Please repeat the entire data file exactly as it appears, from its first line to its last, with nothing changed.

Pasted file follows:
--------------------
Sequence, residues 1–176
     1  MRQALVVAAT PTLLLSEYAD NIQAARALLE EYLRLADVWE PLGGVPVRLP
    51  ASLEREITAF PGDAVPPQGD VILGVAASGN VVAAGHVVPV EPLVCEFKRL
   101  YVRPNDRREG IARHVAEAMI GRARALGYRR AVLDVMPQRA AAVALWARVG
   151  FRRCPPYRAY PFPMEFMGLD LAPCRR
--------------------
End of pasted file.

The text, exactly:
Sequence, residues 1–176
     1  MRQALVVAAT PTLLLSEYAD NIQAARALLE EYLRLADVWE PLGGVPVRLP
    51  ASLEREITAF PGDAVPPQGD VILGVAASGN VVAAGHVVPV EPLVCEFKRL
   101  YVRPNDRREG IARHVAEAMI GRARALGYRR AVLDVMPQRA AAVALWARVG
   151  FRRCPPYRAY PFPMEFMGLD LAPCRR